Anthony John Galante is pursuing a Ph.D. in Industrial Engineering at the University of Pittsburgh, where he is conducting research on microbe repellent surfaces at the Lab for Advanced Materials in Pittsburgh (LAMP). His research focuses on the application of surfaces with different functionalities such as self-cleaning, stain-resistance, bacteria-repellency and virus repellency.
Galante’s interest in research began during a summer undergraduate research opportunity at Pitt. He started working for the LAMP and became fascinated by the beauty of superhydrophobic surfaces. He found an interest in the application of superhydrophobic surfaces but learned that a significant challenge in realizing these surfaces in industrial applications is their poor durability. Galante began working on nanotechnology techniques to render repellent surfaces that are mechanically durable, as well as textile surfaces that are wash-stable.
He discovered a method to coat nonwoven microfiber textiles to not only be superhydrophobic, but also to have mechanical durability and wash stability. He thought that working with nonwoven textiles would have great potential for future applications, and his research developed into exploring the possibility of repelling other liquids such as oil and blood, as well as repelling bacteria, proteins and viruses.
The multiple layers allow the abraded areas to wear away in a manner that leaves a similar surface underneath, to maintain repellency properties. The liquid and virus repellency, along with the durability of these functionalities, are compelling for use in reusable medical textiles.
Galante’s research consists of fabricating and testing the performance of multifunctional surfaces. Functionalities that he has worked with include virus-repellency, bacteria repellency, self-cleaning and stain-resistance. These surface functionalities are highly desirable in various industries from healthcare, textiles, to household appliances. Galante’s experience includes fabricating new surface treatments, characterizing surface properties and testing for repellency performance, mechanical durability, and wash stability.
Galante’s recent work was published in ACS Applied Materials & Interfaces and demonstrates the first virus repellent or antivirofouling surface on a nonwoven textile. Treated nonwoven textiles reduce the attachment of two different types of adenovirus that cause respiratory lung infections. Also, the textile is superhemophobic, or serum-repelling, and superhydrophobic, or water-repelling. This is ideal since treated textiles not only repel viruses but also the liquid medium of viruses, which are commonly body fluids such as blood and saliva. The treatment consists of multiple layers of nonwoven polypropylene (PP) microfibers and polytetrafluoroethylene (PTFE) nanoparticles. The multiple layers of low surface energy polymer microfibers and nanoparticles traps air between the textile and the liquid medium, which significantly reduces the amount of surface area in contact with the liquid. The treated textile reduces the amount of contact area between the textile and virus particles and thus reduces virus adhesion. These findings are important for improving personal protective equipment to reduce the spread of infectious disease through surfaces.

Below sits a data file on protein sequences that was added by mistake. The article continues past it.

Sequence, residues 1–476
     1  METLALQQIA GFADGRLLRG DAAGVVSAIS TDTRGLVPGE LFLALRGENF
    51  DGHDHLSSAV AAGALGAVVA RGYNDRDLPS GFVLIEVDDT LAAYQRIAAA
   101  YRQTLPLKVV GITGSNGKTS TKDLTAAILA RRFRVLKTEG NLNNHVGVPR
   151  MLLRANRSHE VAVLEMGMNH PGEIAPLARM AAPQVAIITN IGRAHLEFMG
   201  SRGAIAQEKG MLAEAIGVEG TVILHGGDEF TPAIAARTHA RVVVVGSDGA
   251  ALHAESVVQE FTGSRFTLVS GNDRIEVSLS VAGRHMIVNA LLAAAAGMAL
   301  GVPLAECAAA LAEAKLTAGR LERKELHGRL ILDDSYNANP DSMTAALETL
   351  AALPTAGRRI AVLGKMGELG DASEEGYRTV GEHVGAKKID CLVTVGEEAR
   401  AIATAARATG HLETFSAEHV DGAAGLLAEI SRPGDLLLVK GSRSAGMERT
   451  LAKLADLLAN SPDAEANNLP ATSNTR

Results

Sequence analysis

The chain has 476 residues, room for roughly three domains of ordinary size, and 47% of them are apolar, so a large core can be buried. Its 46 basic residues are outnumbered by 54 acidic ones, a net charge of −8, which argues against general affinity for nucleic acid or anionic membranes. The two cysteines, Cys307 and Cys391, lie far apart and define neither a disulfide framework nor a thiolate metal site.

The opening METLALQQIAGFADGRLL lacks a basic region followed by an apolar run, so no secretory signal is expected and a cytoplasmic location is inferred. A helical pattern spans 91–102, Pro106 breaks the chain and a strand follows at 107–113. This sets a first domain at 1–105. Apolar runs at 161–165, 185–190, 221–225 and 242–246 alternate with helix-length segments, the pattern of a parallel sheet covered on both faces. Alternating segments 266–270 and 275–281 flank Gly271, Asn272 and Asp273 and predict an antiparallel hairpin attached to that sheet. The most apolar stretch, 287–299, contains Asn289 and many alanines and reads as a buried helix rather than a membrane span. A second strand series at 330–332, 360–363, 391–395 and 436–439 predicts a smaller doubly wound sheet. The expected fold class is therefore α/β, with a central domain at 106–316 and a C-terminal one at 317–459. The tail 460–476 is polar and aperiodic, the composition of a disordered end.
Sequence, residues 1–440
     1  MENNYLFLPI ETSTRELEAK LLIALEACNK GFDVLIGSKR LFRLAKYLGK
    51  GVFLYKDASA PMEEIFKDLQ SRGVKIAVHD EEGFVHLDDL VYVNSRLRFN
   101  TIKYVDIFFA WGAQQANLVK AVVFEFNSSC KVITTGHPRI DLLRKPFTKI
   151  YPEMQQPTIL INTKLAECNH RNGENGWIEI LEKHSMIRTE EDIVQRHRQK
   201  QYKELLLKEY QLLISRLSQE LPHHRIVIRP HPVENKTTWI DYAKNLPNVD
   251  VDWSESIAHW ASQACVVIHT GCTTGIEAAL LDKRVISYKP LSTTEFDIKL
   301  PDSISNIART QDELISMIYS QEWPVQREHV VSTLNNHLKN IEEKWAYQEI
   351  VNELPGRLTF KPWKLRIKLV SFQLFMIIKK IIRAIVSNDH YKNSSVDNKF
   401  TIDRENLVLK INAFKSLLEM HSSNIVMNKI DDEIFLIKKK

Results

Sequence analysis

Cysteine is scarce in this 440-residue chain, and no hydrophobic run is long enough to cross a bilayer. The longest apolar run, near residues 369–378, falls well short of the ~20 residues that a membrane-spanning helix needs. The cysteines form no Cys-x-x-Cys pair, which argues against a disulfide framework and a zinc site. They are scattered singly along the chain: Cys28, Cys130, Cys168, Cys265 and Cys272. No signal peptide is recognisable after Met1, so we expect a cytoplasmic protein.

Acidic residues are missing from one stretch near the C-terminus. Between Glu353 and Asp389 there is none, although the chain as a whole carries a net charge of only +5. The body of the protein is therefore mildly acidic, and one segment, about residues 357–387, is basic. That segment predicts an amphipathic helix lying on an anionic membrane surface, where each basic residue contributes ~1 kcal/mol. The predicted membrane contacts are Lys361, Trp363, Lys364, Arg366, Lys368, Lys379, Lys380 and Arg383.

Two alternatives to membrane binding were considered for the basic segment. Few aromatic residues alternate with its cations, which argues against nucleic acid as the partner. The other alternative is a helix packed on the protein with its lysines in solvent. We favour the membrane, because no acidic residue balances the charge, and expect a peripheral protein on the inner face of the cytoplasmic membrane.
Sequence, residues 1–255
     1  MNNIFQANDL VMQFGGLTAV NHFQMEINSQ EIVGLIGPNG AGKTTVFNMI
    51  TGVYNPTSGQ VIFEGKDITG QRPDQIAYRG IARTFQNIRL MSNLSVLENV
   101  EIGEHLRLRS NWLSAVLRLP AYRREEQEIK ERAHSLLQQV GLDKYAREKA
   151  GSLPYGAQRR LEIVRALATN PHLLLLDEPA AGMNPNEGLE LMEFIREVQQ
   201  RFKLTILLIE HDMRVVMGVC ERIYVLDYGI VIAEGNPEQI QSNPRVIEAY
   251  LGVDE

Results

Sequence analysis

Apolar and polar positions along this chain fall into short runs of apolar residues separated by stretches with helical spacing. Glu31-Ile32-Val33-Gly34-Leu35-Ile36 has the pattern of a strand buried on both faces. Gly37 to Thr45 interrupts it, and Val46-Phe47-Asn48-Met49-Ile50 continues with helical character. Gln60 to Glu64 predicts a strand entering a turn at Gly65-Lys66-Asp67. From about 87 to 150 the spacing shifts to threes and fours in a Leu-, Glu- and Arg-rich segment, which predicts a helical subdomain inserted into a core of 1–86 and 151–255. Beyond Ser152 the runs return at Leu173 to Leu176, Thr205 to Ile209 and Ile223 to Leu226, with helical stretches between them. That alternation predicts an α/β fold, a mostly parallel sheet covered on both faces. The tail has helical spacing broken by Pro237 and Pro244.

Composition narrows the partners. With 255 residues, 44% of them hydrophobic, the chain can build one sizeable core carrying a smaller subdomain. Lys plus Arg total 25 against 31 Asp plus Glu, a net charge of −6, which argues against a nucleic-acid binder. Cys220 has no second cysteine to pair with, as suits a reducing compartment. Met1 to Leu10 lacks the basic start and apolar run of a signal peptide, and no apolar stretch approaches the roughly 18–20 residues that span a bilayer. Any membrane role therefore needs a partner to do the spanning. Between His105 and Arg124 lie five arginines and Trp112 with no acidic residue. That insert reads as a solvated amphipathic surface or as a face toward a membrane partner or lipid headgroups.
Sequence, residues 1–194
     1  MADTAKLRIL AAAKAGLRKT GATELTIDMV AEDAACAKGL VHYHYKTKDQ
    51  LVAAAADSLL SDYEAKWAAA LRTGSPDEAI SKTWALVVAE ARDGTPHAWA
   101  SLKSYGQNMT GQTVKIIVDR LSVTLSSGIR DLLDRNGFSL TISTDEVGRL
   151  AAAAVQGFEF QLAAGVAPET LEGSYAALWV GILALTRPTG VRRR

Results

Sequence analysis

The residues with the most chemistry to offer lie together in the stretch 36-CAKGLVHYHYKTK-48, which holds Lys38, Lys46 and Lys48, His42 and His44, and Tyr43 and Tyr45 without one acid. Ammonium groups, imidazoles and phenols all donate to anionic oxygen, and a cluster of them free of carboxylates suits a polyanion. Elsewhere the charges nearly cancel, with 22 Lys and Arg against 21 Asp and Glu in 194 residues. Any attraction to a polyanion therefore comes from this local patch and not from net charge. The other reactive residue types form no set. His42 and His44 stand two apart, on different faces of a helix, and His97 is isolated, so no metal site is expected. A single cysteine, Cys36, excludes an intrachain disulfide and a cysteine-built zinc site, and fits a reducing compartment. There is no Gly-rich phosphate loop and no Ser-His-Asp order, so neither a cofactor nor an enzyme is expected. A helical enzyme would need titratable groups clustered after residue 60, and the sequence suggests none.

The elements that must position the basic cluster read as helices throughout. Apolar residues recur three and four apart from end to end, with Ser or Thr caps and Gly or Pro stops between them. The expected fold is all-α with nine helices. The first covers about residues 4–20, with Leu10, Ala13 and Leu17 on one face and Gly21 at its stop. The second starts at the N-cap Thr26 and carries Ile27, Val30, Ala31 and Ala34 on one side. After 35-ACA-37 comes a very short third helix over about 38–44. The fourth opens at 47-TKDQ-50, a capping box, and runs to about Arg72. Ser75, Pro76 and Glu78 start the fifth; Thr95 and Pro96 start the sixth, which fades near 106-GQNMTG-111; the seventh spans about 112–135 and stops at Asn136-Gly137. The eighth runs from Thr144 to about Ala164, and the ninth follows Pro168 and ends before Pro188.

The main highlight is that the treatment maintains liquid and virus repellency properties after harsh mechanical abrasion from a Scotchbrite scrub or ultrasonic washing in liquid detergent. The multiple layers allow the abraded areas to wear away in a manner that leaves a similar surface underneath, to maintain repellency properties. The liquid and virus repellency, along with the durability of these functionalities, are compelling for use in reusable medical textiles.
Galante’s other works focus on bacteria repellent and self-cleaning polymers, antibacterial textiles, and oil repellent 3D printed structures.
Galante’s near-term plans including publishing more journal articles on his research and graduating from the University of Pittsburgh with a Ph.D. in Industrial Engineering. Afterwards, he hopes to work for a coating or device company to help introduce future applications to the world. His main goal is to be able to see the applications he helped develop be useful for society. One day, he wants to lead a research team on innovations in device, coating or textile technology.